#### [

```
logpθ(x(i)|z)
```

#### ]

```
can be estimated by sampling, that is
```

```
Eqφ(z|x(i))
```

#### [

```
logpθ(x(i)|z)
```

#### ]

#### =

#### 1

#### L

#### ∑L

```
l=
```

#### (

```
logpθ(x(i)|z)
```

#### )

```
if dataxgivenzfollows a multivariate Bernoulli with dimensionD, how
should this reconstruction loss term look like?
```

## 5 The Final Small-Project

This part of assignment should be done by the students who decided to attend the final exam. Collaboration policy: This assignment should be done individually.

### 5.1 Implementation of VAE

In the penultimate lecture, we have learned about approximating posteriors with variational inference, using the reparameterization trick for VI, and deep gen- erative models for images using variational autoencoders. We also learnt more about convolutional neural networks in the final lecture and their applications in the computer vision. In this project, you will bring together both constructs to train a model that can generate images of different classes of galaxies. The data is available here. The training images are JPG images of 61578 galaxies. The probability distributions for the classifications for each of the training images are given in solutionstrainingrev1. There are 37 different classes of galaxy types and at the end of training process, you should be able to generate these categories and compare with the original images. You’ll need to install PyTorch to use the starter code. The objective is to minimize the reconstruction error using cross-entropy and the Kullback–Leibler divergence. In the following you’ll find a code snippet that you can start to complete and make it work for this dataset.

import torch import torch.utils.data from torch import nn, optim from torch.nn import functional as F from torchvision import datasets, transforms from torchvision.utils import save_image

class VAE(nn.Module):
def **init**(self, input_chanel=3, zdim=512, image_size=424):
super(VAE, self).**init**()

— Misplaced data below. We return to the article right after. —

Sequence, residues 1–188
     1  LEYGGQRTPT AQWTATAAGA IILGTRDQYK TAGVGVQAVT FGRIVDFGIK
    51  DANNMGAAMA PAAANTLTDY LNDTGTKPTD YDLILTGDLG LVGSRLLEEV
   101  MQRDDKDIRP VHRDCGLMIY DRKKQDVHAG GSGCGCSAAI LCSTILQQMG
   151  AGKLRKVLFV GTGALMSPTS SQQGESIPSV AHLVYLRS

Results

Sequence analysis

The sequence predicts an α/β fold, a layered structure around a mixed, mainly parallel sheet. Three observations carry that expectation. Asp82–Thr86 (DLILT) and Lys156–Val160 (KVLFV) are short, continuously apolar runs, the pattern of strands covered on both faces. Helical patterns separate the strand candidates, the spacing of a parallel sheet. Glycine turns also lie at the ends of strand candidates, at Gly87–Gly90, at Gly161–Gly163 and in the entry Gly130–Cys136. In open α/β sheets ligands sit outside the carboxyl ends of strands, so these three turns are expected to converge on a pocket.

self.z_dim = z_dim

# encoder part

self.encoder_conv1 = nn.Conv2d(input_chanel, zdim//16, kernel_size=4, stride=2, padding=1) self.encoder_bn1 = nn.BatchNorm2d(zdim//16) #You must extend this part

```
#decoder part
self.decoder_conv1 = nn.ConvTranspose2d(zdim, zdim//2, kernel_size=4, stride=1,
padding=0)
self.decoder_bn1 = nn.BatchNorm2d(zdim//2)
#You must extend this part
```

```
def encode(self, x):
x1 = F.leaky_relu(self.encoder_bn1(self.encoder_conv1(x)), negative_slope=0.2)
#Fill this part with some CNN architecture
def decode(self, z):
#complete this part
```

def reparameterize(self, z_means, z_log_var):

# epsilon * variance + means

#write down the appropriate code def forward(self, x):

# encoder

return x_recon, mu, logvar model = VAE()

# Loss and Optimizer

optimizer =#fill in this part

# Start training

for epoch in range(epoch): for i, data in enumerate(training_data_loader):

# Forward pass

x = data

# x_reconst, mu, log_var = model(x)

```
# reconstruction loss between x_reconst and x
#write the appropriate code
```

```
# kl divergence
kl_div =#write down the correct objective function
```

```
# Backprop and optimize
loss = reconst_loss + kl_div
optimizer.zero_grad()
loss.backward()
optimizer.step()
```

First, we want to train decoder parametersθand encoder parametersφto have accurate reconstructions. Second, we wish to build a probabilistic model on top of an autoencoder, so that we can reason about our uncertainty over the code space.

- Forgoal 1, we will simply produce a point estimate of the encoder and decoder parametersθ(following the principle of minimizing reconstruction error). We wish to find the decoder and encoder parameters that, for the training data at hand, minimize reconstruction error meaning that a good autoencoder must have lowbinary cross entropy(you can change the reconstruction loss). You should adjust the learning rate–lrand potentially other keyword arguments as well. Then train for at least 200 epochs (or more if you don’t see convergence).
- Forgoal 2, we’d like to be ”more Bayesian”, so we’ll assume a full gener- ative model for our data.

```
Plot reconstruction error (y-axis) on both train and test sets versus the
number of training iterations (x-axis). Show performance with 3 different
VAE encoder/decoder architectures: deep feed-forward neural network
with 512 hidden units. Then a five convolutional layers architecture which
starts with 32 filters and double it each time and finally build up a ResNet
block from scratch and add five ResNet blocks to your VAE model as well.
For the further example you can take a look at this paper.
```

- Compare sampled images of a particular class of galaxy with their original images.
- Illustrate the location of different categories of galaxies within the latent space. One way to understand what is represented in the latent space is to consider where it encodes elements of the data. Here you will produce a scatter plot in the latent space, where each point in the plot will be the mean vector for the distributionq(z|x) given by the encoder. Further, we will colour each point in the plot by the class label for the input data. You must include the visualization result of the weight matrix for different layer.
- For this assignment, any new idea that would be tried and not mentioned in the description which leads to a significant improvement of result or including the idea of this paper, would have extra bonus.